“Urban Green” is a smart phone app that addresses the issue of empty lots in South LA— over 3,000, many of which are used for nothing more than dumping trash. An organization called LA Open Acres has mapped all these sites, but the Urban Green App goes further. Using geolocation on your phone, you can see all the empty lots in your vicinity, who owns them and if they’re available to be reclaimed. You can also connect with others in your community to organize and work together. This app empowers people to turn trash dumps into parks, playgrounds, and public gardens, with positive impacts for the local economy, culture, public safety, and the environment.


100 & Rising by Rachel McLeod, Leon Baham, and Evangeline Hsiao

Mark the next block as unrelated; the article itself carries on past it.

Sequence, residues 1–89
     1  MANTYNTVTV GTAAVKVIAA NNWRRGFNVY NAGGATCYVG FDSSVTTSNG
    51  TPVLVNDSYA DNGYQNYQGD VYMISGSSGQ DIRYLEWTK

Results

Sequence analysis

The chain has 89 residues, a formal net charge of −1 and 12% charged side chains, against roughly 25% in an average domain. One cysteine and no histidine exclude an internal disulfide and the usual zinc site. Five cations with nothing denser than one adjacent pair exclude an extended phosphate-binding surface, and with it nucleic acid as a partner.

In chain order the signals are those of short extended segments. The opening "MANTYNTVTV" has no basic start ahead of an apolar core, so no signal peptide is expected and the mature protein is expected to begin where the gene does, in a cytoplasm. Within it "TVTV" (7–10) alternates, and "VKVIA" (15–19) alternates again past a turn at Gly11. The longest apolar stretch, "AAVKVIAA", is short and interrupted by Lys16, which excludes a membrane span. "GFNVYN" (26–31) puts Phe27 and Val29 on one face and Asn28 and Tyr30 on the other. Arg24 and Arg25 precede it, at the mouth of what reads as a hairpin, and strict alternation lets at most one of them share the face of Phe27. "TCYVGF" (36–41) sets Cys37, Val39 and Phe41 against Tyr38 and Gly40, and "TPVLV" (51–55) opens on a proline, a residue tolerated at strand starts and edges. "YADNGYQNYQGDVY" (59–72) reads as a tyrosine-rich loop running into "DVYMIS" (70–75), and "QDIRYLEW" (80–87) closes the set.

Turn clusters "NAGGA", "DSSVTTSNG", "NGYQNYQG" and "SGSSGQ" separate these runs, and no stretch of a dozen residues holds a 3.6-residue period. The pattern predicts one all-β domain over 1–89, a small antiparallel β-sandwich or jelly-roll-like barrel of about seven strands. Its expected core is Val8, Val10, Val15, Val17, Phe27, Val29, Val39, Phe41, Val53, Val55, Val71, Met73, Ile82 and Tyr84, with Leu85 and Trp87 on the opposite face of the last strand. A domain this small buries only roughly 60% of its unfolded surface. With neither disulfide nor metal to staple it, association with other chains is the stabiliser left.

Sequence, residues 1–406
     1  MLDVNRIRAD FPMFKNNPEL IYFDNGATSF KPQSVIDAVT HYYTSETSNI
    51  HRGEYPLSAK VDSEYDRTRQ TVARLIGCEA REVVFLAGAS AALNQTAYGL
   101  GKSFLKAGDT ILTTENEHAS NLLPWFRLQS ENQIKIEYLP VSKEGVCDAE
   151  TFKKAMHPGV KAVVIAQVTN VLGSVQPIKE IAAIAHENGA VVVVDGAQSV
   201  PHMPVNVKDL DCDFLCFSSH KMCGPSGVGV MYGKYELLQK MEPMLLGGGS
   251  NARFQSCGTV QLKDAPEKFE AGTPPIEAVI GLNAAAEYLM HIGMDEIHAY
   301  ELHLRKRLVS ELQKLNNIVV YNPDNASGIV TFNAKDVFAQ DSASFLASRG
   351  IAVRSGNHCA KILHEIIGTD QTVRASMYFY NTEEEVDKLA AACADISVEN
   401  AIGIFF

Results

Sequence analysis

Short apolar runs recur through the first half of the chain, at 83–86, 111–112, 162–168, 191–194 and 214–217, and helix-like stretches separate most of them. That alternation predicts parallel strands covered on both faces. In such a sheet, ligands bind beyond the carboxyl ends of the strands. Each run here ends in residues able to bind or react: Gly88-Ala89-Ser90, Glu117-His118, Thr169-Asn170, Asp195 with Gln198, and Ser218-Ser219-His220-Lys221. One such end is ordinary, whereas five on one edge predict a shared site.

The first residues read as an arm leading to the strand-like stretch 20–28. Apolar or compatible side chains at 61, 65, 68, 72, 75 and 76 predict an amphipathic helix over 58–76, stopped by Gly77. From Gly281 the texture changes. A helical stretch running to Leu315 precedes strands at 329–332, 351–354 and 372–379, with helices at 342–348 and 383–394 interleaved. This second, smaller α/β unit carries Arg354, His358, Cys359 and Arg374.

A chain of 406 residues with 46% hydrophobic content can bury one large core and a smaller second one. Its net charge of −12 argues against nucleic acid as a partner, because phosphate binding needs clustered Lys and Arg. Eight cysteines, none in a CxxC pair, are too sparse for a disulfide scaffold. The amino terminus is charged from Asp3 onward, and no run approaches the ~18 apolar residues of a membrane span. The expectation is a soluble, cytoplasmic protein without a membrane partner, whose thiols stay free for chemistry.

100 & Rising by Rachel McLeod, Leon Baham, and Evangeline Hsiao.

100 & Rising by Rachel McLeod, Leon Baham, and Evangeline Hsiao.

“100 & Rising” is a smart phone app designed to empower minority-owned businesses and entrepreneurs. One of the challenges of local business is how to draw investments, in order to grow, expand capacity and withstand the pressures of gentrification. This app provides a tool for local minority-owned businesses to seek micro-investment from the community. It also helps local entrepreneurs to raise funds for starting new businesses. The benefits include sustainable job growth, community pride, and profits from locally-owned businesses stay in the community, rather than being exported to another state or off shore bank account. 100 & Rising empowers local minority-owned businesses and entrepreneurs to be participants rather than spectators in the economy.


Help a Family Grow by Bianca Byfield, Viannka Lopez, Min Ryu, and Marvin Monserrat Jr.

Help a Family Grow by Bianca Byfield, Viannka Lopez, Min Ryu, and Marvin Monserrat Jr.

Help a Family Grow by Bianca Byfield, Viannka Lopez, Min Ryu, and Marvin Monserrat Jr.